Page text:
Ignoring John’s demands to surrender Iosef, Viggo taunts John for thinking that he would be able to leave his old life behind. Before John can be killed, Marcus intervenes again, allowing John to free himself, strangle Kirill to death, and accost Viggo, who reveals Iosef’s location. John then travels to Iosef’s Brooklyn safe house and kills him and his bodyguards. Perkins learns that John and Marcus have been in contact and informs Viggo, who has Marcus beaten and tortured briefly before killing him in his home.
Viggo calls John to report this, planning to have Perkins ambush him. While waiting for John, Perkins is summoned to a meeting with Winston, who has her executed for breaking the Continental’s rules. Winston calls John to inform him that Viggo is planning to escape by helicopter. John races to New York Harbor, where he kills Viggo’s remaining henchmen before battling Viggo on the dock.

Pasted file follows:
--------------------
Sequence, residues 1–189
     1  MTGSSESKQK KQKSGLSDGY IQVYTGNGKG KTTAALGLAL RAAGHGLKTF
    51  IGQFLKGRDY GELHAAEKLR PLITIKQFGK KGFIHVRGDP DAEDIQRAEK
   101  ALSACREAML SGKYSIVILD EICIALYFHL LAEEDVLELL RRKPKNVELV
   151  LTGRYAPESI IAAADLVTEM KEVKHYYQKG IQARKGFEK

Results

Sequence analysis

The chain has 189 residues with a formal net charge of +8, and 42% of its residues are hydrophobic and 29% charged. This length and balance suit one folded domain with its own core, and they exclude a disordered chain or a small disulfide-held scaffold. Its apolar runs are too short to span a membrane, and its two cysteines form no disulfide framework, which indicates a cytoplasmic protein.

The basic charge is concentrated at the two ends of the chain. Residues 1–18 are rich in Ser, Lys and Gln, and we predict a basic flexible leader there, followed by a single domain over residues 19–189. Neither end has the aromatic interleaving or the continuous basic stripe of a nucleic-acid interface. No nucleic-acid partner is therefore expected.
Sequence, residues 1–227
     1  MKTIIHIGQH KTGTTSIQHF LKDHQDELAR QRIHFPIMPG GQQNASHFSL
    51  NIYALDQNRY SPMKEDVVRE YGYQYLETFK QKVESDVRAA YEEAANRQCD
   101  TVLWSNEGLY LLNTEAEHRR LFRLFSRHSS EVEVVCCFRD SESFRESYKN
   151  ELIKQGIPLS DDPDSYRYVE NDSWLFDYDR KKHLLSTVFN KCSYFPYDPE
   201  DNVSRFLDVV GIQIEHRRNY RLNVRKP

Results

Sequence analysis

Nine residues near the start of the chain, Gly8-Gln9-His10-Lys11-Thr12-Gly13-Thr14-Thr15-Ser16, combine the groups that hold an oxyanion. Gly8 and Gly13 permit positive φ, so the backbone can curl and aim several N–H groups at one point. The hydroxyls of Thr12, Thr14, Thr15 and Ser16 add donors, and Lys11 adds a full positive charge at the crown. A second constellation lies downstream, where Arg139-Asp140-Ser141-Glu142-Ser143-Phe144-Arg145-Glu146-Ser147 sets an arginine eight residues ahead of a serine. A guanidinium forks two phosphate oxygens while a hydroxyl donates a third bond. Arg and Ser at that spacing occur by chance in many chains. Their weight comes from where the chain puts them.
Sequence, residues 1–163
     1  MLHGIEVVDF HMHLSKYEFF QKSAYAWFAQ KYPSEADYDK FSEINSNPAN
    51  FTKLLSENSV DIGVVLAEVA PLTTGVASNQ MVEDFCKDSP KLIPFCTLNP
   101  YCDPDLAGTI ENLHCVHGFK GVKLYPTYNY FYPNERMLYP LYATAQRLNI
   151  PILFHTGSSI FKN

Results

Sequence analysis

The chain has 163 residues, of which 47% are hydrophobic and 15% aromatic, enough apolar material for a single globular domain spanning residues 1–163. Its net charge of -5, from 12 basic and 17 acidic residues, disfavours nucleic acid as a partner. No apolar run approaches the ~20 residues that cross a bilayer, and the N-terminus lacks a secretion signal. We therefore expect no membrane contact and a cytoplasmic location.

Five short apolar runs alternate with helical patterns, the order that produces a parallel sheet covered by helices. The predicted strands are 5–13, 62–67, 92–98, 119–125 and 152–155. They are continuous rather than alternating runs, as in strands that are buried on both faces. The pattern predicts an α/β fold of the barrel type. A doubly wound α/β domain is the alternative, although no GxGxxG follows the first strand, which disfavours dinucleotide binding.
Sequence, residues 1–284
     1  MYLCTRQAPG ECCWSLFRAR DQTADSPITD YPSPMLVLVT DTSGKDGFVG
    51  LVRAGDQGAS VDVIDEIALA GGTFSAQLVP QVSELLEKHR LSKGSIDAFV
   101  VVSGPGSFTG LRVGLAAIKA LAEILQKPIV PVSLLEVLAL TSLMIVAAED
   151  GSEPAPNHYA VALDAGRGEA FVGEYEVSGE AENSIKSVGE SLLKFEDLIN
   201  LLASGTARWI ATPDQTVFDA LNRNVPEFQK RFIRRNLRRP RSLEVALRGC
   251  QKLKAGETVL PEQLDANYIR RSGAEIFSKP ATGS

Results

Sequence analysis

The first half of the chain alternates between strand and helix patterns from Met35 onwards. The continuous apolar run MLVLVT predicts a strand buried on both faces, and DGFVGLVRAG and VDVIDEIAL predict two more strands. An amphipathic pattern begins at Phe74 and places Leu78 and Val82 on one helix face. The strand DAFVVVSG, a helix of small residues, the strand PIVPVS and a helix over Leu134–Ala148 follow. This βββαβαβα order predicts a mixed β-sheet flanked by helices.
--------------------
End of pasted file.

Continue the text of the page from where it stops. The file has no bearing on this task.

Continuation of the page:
Viggo brandishes a knife, and John allows himself to be stabbed before disarming and wounding Viggo, leaving him to die. John breaks into an animal clinic to treat his wounds and releases a pit bull puppy scheduled to be euthanized. John and the dog walk home along the boardwalk where he had his final date with Helen.
John Wick (2014) Box office
John Wick earned $14.4 million from 2,589 locations on its opening weekend, compared to the $7–8 million most analysts projected the film would make. By the end of its theatrical run, John Wick grossed $43 million in North America and $45.7 million in other territories for a worldwide total of $88.8 million, against a production budget of $20–30 million.